Month: September 2015

Why Google is being investigated for rigging search results

I read in an article a few days ago that Google is being investigated by the Competition Council of India on suspicion of rigging search results.

One of the complainants was none other than Flipkart which is, I believe, one of the largest e-commerce companies in India.

Flipkart seems to have complained that ‘it found search results to have a direct correlation with the amount of money it spent on advertising with Google through Google’s Adwords program’ (the quote is from the news article; I haven’t seen the actual complaint).

Iff Flipkart’s observations are indeed true, and if Flipkart can establish beyond a shadow of doubt the existence of a correlation between advertising expenditure and search ranking (for a random allocation of advertising spend – and we see later why this is important) then it could have serious implications for digital marketers.

If the search rankings really correlate with advertising spend, it would mean that customers would be better off not spending any money at all on advertising with Google, rather than spending a small amount of money on the same.  In other words, it impacts the choice of SEO vs SEM for digital marketing.


SEO and SEM are two strategies available to firms to bring their offerings to the notice of customers seeking information using search engines.

SEO (Search Engine Optimization) involves optimizing the text and links of web pages so that they rank higher in search results.

SEM (Search Engine Marketing) is the term used to describe the strategy of paying search engines (like Google) to display ads about a firm’s offerings alongside search results.

If there is a causal relation between advertising spend and ranking, then a common strategy used by many Indian firms – that of spending a little on SEM in addition to SEO – might hurt rather than help them.

Is Flipkart’s complaint valid?

I don’t have a detailed study and can’t provide incontrovertible evidence for the validity or invalidity of Flipkart’s complaint.

However, I have some anecdotal evidence that suggests that Flipkart’s complaint might hold some water.

And I am going to present the evidence to you in the form of a search experiment that you can all perform yourselves.

Search Experiment

Here’s an exercise that you can all try yourselves.

There is a book called “Taming Text” that is a practical introduction to a text search platform called ‘Solr’.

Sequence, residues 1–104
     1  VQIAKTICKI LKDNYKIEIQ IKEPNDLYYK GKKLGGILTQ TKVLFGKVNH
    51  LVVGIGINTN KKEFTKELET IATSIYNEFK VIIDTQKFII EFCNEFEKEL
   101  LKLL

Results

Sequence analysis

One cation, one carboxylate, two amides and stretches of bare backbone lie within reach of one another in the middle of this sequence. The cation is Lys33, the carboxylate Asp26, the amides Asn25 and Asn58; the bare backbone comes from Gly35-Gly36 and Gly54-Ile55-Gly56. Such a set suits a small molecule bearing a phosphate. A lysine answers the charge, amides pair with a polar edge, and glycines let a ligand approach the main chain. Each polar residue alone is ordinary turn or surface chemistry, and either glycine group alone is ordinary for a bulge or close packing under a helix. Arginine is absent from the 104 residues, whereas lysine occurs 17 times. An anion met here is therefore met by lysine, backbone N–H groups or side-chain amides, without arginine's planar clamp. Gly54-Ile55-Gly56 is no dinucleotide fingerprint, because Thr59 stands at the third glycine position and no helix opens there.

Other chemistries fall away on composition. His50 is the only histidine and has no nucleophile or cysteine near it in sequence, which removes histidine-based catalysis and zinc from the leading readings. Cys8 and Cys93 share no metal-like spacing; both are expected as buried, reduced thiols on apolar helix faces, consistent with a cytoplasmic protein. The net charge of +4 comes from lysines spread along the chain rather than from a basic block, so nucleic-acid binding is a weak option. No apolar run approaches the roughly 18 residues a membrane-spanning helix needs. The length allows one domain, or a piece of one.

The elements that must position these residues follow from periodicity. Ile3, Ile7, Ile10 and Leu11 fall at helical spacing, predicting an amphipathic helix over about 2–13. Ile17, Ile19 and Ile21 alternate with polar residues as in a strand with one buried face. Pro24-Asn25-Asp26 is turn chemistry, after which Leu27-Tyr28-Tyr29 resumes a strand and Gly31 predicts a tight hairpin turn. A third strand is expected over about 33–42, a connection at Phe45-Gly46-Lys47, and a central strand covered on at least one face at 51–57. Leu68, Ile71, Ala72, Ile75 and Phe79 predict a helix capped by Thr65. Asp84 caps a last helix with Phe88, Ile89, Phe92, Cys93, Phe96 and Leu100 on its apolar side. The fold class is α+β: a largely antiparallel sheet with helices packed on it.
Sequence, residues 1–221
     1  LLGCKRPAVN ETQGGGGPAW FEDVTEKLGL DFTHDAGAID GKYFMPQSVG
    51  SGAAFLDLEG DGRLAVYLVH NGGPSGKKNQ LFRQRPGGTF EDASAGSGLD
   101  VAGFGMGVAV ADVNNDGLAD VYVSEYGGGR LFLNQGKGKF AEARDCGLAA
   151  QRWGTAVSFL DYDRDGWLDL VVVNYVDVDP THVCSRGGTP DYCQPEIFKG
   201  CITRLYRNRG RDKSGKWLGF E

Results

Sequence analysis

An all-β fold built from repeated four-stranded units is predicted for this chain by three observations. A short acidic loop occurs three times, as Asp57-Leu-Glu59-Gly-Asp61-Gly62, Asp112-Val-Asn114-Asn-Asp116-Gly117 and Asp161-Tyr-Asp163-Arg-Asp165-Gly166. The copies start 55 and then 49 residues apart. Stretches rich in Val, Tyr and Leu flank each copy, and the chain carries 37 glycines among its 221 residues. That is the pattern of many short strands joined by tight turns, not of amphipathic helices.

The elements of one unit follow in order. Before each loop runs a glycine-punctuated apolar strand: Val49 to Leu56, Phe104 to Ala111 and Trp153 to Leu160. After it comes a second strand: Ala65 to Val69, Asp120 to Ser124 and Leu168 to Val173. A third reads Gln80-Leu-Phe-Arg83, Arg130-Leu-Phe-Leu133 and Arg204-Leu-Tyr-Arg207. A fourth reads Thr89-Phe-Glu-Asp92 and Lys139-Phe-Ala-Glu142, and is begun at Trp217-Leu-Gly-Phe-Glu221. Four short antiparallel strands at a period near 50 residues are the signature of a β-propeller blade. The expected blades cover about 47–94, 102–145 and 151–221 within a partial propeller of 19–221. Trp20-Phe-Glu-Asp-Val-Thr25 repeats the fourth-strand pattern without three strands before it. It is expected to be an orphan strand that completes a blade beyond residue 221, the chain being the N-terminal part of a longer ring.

When I search for the string “taming text” (the location is India and I use a browser into which I am neither logged in nor signed into Google from), I get the following results:

Results for 'taming text' page 1 (above the fold)
Results for ‘taming text’ page 1 (above the fold)

As you can see, Flipkart is nowhere to be seen (though it is the largest online book retailer in India).

If you scroll down to the bottom and look ‘below the fold’, you see the following:

Results for 'taming text' page 1 (below the fold)
Results for ‘taming text’ page 1 (below the fold)

The Flipkart product page does not show up here either.  But you see an Amazon India advertisement right at the bottom.

Let’s look at the second page.

Results for 'taming text' page 2 (above the fold)
Results for ‘taming text’ page 2 (above the fold)

Again, no luck.  You get a link to Google books, but no Flipkart.

(We looked through 10 pages of results but found no link to Flipkart.  Did you?)

So, we try a different search.

We enter “taming text flipkart” into the search engine.

And here are the results!

Results for ‘taming text flipkart’ page 1 (above the fold)

This time, the Flipkart page shows up right at the top!

In addition, a Flipkart advertisement shows up right above it.

So it appears that Flipkart had bid on the ‘flipkart’ keyword or on ‘taming text’ or on some combination of ‘flipkart’ and ‘taming text’.

When we scroll to the bottom of this page of results, we see:

Results for 'taming text flipkart' page 1 (below the fold)
Results for ‘taming text flipkart’ page 1 (below the fold)

Amazon, it appears, had also bid for either ‘flipkart’ or ‘taming text’.

Moreover, we see that Google has obviously indexed the Flipkart product page for ‘Taming Text’.

Then why was the Flipkart page ranking so low as compared to the Amazon India page?

Evil or Innocent

Could the difference in rankings be caused by the differences in advertisement expenditure on different keywords by different vendors?